The Prestige Hotel is located 25 minutes from Penang International Airport, in an area that is culturally and contextually rich. The ground floor of the large building block is allocated for retail stores and dining, and the first four floors for hotel rooms and amenities.
As a new building, The Prestige Hotel has to adhere to Penang’s city planning guidelines that require newly built architecture to assimilate into the surrounding historic context. Therefore, the hotel’s design alludes to the heritage style.
REDEFINING VICTORIAN LOOK
Set in Georgetown’s UNESCO World Heritage site, among the 19th-century English colonial buildings, The Prestige Hotel sets itself apart from other hotels by sporting a modernised Victorian look. Its design neither mimics a heritage building nor is it entirely contemporary, but a combination of the two styles.
This is mainly carried out on the ground floor where the lifestyle stores adopt the shop-in-shop concept similar to that of the historical English shopping arcade. The hotel lobby’s floor has a large maze pattern made from marble-clad and brass trimming, which emulates a hedge maze from the English renaissance.
The Glasshouse Restaurant was inspired by the Victorian conservatory, with walls and glazing being framed with white metal lattices. This is combined with a tropical touch to create a different kind of Victorian look—a conservatory garden but with palm leaves and tropical lush garden.
Bronze-tinted metal makes up the frames and mullions in the lobby and the hotel rooms. This colour is dominant against the white background, used mostly for decorative elements. The walls are wainscoted, but the patterns are angular instead of the more common linear ones. The definitive trapezoidal wainscot contributes to the overall modernised Victorian impression.
OVERCOMING A LAYOUT CHALLENGE
The oblong building block and the layout have made the hotel’s corridors long and narrow, which may make navigating them feel monotonous. To overcome this, the walls and floor are coloured in alternating dark grey and white in such a way that creates an effect akin to infinite mirror reflections. There is also a mechanised light feature that rotates and casts shadows of intricate lattice patterns on the walls.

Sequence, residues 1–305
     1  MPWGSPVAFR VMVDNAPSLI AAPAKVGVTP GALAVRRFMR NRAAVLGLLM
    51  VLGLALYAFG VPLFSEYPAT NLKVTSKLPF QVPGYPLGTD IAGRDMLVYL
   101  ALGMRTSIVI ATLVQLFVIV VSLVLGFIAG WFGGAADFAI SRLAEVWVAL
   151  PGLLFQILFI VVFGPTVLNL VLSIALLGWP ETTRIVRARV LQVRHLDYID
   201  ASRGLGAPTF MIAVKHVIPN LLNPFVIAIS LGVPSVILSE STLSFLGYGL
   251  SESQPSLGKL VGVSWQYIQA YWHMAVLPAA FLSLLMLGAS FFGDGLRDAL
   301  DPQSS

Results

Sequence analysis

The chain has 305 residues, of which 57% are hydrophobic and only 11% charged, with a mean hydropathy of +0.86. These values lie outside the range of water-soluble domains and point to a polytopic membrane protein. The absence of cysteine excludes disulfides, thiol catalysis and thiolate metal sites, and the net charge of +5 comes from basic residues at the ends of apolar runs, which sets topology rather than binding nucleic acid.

The studio’s layout is also rectangular. To compensate the narrowness, the studio is accentuated with visual illusion and element of surprise. For example, the bed looks as if it is suspended in the air; and there are doors that look like a wardrobe but they actually lead to toilets or pantries.
This element of surprise is carried forward to other parts of the hotel, from the reception desk that seems to balance itself on balls to the concave mirrored counter that creates a distorted reflection. Overall, the solution to the layout challenge by using visual illusion seems to be an integral part of the design.
MAXIMISING NATURAL LIGHT
The Prestige Hotel utilises alfresco spaces for dining or dwelling to minimise air-conditioning. The shopping arcade is designed as standalone storefronts interconnected by naturally ventilated walkways. Bay windows were installed at the lift landing to allow sunlight to shine through. The car parks are open and ventilated to reduce the use of blowers and lighting. Fluted glass is fitted in the function room to maximise natural lighting during the day.
Project Name: The Prestige Hotel
Location: Penang, Malaysia
Completion Date: May 2019
Site Area: 3,725 square metres
Gross Floor Area:8,570 square metres
Building Height: 5 storeys
Number of Rooms: 162
Client: Public Packages Holdings Berhad
Architecture Firm: KL Wong architect Sdn Bhd
Interior Design Firm: Ministry of Design Pte Ltd
Civil & Structural Engineer: L.o.t consultant
Mechanical & Electrical Engineer: GH Consultants Sdn Bhd
Quantity Surveyor: Unitech QS Consultancy Sdn Bhd
Main Contractor: Goodwood Builders Sdn Bhd
Interior Fit-Out Contractor: Pena Builders Sdn Bhd
Images: Edward Hendricks from CI&A Photography